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The UC Irvine Student Union is a regular stop on campus tours. This and other schools want to enhance the experience for prospective students by developing mobile apps to carry along or use from afar.
The season for college scouting visits is upon us. Visit any campus in the next six months and you’ll likely see the college tour guide walking backward, facing high school seniors and their parents, describing an old brick building to the right and another one to the left. The tour’s all about selling the academics, sports, and social life and convincing students to apply.
What seals the deal? Kirk Brennan, USC’s undergraduate admissions director, described it as intangibles that amount to what he called Magic Pixie Dust. He said that’s what fell on his high school-aged daughter during a recent campus visit.
“It was a place she didn’t want to visit," Brennan said. "She didn’t want to stop on our trip and now it’s among her top choices just because of the feeling she got on the campus.”
A "Concerned Citizen" wants to know more details on how Prop. 30's retroactive change to income tax affects him. Will he be penalized for inaccurate withholdings?
I've received email from a few people concerned about what Prop. 30 means for them. Here's one that I'll share following Wednesday's post on "Prop. 30 has passed, but how do you pay retroactive taxes?"
What about individuals like myself who are high-income W2 wage earners and have their state income taxes withheld via each paycheck? I don’t pay quarterlys! I will have underreported with a possible penalty! Mr. Chamberlain didn’t address that! But my guess is that he will be so gracious and not charge a penalty. What if I don’t have that extra cash sitting around?
Jay Chamberlain got in touch with the Franchise Tax Board on this one, to make sure we had the right answer. Indeed, the same waiver without penalty applies to the withholding issue as it does for an estimated payment, Chamberlain said. When there's a law change that affects taxes within the same year, the state can waive the additional money that would go into that estimated payment without a penalty — along with the money that would go toward withholdings, Chamberlain said.
California Gov. Jerry Brown speaks in support of Prop. 30 at a rally of UCLA students on campus, Oct. 16, 2012
California’s voters avoided massive cuts to public education that would have gone into effect in January by approving Proposition 30, Governor Jerry Brown’s tax measure. Now the question is: when will the money show up?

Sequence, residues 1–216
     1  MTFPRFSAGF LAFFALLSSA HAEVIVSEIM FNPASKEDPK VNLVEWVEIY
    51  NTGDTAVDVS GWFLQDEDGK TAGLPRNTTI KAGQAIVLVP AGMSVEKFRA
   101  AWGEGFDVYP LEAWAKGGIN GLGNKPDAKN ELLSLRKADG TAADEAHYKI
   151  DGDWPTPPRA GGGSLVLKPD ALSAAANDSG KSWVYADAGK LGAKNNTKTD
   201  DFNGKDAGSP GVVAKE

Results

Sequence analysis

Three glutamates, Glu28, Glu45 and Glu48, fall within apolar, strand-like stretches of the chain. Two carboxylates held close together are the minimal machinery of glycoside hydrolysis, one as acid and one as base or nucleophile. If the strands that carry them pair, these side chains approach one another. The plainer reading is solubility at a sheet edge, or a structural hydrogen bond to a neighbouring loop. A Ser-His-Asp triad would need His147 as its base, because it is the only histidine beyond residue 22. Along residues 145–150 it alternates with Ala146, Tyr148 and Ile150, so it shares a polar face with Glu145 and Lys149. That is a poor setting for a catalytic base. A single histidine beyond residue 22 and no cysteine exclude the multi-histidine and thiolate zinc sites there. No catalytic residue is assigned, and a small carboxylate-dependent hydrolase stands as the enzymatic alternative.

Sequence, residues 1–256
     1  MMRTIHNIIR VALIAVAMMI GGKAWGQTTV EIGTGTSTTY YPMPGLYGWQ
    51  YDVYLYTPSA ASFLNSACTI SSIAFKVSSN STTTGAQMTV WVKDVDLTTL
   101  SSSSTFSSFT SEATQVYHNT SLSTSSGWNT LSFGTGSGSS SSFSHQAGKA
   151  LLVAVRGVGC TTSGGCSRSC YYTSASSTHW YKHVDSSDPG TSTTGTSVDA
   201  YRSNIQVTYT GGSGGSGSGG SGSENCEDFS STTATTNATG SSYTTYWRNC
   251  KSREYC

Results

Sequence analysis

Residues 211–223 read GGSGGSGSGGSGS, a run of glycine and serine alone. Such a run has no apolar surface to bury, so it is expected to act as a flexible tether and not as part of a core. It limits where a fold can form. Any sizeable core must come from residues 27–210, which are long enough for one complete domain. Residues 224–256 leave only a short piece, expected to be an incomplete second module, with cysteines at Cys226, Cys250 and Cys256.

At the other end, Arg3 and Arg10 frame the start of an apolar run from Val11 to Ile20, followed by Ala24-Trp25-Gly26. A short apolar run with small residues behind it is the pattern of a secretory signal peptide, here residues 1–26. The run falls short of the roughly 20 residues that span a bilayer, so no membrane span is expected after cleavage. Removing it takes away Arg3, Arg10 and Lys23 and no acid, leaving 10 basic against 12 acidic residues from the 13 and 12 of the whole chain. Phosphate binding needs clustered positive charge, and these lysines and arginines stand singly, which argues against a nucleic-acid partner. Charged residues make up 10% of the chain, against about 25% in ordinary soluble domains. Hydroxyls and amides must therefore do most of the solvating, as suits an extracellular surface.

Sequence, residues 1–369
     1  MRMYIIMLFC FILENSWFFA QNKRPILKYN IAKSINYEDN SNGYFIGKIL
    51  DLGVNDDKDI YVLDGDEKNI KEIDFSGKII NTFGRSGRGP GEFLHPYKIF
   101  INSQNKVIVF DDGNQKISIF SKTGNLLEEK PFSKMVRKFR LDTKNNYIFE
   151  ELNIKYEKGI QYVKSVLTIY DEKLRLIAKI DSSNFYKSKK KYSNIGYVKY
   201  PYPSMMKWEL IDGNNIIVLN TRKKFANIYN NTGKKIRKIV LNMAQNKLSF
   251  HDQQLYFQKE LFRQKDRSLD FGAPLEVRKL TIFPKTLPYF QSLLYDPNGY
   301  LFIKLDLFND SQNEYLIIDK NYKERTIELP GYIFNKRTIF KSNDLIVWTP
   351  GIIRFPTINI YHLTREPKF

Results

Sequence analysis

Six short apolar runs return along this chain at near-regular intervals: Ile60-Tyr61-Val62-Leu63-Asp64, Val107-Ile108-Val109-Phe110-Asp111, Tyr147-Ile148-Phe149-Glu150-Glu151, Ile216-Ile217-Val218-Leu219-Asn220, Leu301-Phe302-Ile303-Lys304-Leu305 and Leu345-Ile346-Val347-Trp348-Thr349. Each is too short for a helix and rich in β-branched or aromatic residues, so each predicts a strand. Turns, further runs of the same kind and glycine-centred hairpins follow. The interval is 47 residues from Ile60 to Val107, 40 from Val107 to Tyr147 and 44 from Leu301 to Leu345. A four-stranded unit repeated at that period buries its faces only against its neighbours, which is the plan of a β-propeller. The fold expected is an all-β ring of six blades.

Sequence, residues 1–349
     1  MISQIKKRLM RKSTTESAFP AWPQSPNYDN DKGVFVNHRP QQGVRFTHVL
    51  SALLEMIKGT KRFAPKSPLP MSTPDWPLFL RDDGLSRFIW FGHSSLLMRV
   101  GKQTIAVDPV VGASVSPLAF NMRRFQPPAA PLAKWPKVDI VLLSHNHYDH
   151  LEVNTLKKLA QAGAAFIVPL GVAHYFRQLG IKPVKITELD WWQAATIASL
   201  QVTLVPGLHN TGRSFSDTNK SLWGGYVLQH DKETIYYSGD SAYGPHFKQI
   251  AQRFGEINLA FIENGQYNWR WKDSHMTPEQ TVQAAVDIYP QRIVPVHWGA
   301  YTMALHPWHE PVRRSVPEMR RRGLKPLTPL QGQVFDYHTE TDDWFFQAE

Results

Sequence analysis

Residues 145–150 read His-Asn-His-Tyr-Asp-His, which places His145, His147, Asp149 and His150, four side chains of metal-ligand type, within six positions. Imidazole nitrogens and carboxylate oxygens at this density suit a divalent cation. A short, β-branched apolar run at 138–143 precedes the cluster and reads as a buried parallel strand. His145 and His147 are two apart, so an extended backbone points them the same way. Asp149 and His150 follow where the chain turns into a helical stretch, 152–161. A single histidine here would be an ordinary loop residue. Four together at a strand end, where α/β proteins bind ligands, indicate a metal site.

The short answer is the income tax revenue on anyone who earns more than a $250 thousand dollars a year, plus the additional quarter-cent sales tax, will have a ripple effect on the different systems of public education.
For K-12 schools, not much may change in the short term because most districts assembled their budgets assuming that Prop 30 would pass.
But State Superintendent Tom Torlakson said the ability to maintain the status quo will stem “the chaos of waves of pink slips, of disruption, just demoralization of the teaching work force.”
A billion dollars in state funding would have disappeared from the budget as early of December, he said.
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Prop. 30 has passed, and if you make more than $250,000 your income tax will go up - we explain how that's paid. Sales tax will also rise in January.
Now that Prop. 30 has passed, here are some nuts and bolts you need to know about how your income taxes may change this year.
Prop. 30 will increase personal income tax for seven years on Californians earning more than $250,000. It will be implemented retroactively, starting Jan. 1, 2012. Those earning between $250,000 and $300,000 will pay 1 percent more. People making between $300,000 and $500,000 will pay 2 percent more, and people making more than $500,000 will pay 3 percent more in taxes.
But how do you pay retroactive taxes?
I spoke with Jay Chamberlain, chief of financial research at the California Department of Finance. He said that taxpayers, and particularly high-income earners, pay four estimated payments for each tax year. The next estimated payment is due on Jan. 15 for the 2012 tax year.
Cal State students woke up Wednesday to news that they'd get refunds on their fees because voters approved Prop. 30 at the polls.
Instead of tuition hikes, Cal State University students woke up to news that they'd receive refunds on their fees because voters approved Prop. 30 at the polls Tuesday, the California State Student Association said in a statement.
Prop. 30 passed with 54 percent of the vote. If it had not, the Cal State system would have been hit with a $250 million trigger cut and students would have experienced a $300 per year tuition increase, the loss of 5,500 course sections and limited fall 2013 enrollment, the student group said.
Instead, Cal State students will receive an "immediate tuition refund of $249" to maintain tuition at $5,472 a year, the student association said.
The California State Student Association - CSSA - amped up voter registration efforts this summer. It registered 31,372 new student voters on 23 campuses for this election. The organization also sponsored rallies, information sessions and debates.